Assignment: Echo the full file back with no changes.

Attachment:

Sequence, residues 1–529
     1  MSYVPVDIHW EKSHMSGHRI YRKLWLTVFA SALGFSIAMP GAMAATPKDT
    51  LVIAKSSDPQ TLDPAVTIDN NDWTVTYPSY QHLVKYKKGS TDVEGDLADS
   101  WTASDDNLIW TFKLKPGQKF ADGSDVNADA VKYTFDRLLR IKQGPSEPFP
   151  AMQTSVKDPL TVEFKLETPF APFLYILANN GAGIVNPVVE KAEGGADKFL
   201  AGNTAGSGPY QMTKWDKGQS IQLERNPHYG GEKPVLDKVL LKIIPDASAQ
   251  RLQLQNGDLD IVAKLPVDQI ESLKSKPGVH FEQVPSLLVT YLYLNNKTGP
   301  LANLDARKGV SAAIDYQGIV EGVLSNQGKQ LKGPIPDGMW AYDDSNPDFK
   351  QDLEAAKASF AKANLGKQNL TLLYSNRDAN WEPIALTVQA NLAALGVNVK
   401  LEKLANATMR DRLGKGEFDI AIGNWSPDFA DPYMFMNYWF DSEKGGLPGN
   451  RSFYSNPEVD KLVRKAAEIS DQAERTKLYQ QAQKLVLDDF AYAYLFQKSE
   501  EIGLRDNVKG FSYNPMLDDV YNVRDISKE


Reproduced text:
Sequence, residues 1–529
     1  MSYVPVDIHW EKSHMSGHRI YRKLWLTVFA SALGFSIAMP GAMAATPKDT
    51  LVIAKSSDPQ TLDPAVTIDN NDWTVTYPSY QHLVKYKKGS TDVEGDLADS
   101  WTASDDNLIW TFKLKPGQKF ADGSDVNADA VKYTFDRLLR IKQGPSEPFP
   151  AMQTSVKDPL TVEFKLETPF APFLYILANN GAGIVNPVVE KAEGGADKFL
   201  AGNTAGSGPY QMTKWDKGQS IQLERNPHYG GEKPVLDKVL LKIIPDASAQ
   251  RLQLQNGDLD IVAKLPVDQI ESLKSKPGVH FEQVPSLLVT YLYLNNKTGP
   301  LANLDARKGV SAAIDYQGIV EGVLSNQGKQ LKGPIPDGMW AYDDSNPDFK
   351  QDLEAAKASF AKANLGKQNL TLLYSNRDAN WEPIALTVQA NLAALGVNVK
   401  LEKLANATMR DRLGKGEFDI AIGNWSPDFA DPYMFMNYWF DSEKGGLPGN
   451  RSFYSNPEVD KLVRKAAEIS DQAERTKLYQ QAQKLVLDDF AYAYLFQKSE
   501  EIGLRDNVKG FSYNPMLDDV YNVRDISKE